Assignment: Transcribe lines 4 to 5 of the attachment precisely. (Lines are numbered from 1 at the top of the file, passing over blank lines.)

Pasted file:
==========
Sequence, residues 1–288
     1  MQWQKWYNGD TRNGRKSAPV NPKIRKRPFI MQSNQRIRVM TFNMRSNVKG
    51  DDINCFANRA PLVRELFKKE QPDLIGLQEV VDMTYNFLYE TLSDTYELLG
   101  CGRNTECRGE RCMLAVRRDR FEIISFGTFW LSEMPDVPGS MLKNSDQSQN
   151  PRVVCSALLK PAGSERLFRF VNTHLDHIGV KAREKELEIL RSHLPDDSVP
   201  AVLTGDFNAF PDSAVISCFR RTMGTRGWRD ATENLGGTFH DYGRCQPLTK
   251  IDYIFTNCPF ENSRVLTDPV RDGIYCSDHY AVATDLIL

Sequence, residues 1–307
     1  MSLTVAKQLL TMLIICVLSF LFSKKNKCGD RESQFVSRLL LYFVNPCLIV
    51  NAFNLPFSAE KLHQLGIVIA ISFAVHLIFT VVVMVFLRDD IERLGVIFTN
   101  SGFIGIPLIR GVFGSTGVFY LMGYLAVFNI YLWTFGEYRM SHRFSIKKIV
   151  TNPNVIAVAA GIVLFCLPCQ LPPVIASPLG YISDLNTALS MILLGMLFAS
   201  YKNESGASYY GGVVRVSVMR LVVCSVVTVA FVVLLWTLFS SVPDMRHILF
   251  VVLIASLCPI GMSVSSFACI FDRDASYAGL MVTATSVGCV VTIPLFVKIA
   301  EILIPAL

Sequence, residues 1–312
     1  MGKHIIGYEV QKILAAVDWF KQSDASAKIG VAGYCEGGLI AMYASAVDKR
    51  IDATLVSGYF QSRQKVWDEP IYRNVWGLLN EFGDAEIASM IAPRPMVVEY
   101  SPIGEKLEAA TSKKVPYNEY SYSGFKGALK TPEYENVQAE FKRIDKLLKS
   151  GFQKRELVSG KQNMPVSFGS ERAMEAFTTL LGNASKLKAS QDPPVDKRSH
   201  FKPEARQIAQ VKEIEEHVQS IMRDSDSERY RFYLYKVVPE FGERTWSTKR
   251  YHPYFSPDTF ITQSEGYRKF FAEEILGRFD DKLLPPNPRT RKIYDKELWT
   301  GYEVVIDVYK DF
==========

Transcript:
   101  CGRNTECRGE RCMLAVRRDR FEIISFGTFW LSEMPDVPGS MLKNSDQSQN
   151  PRVVCSALLK PAGSERLFRF VNTHLDHIGV KAREKELEIL RSHLPDDSVP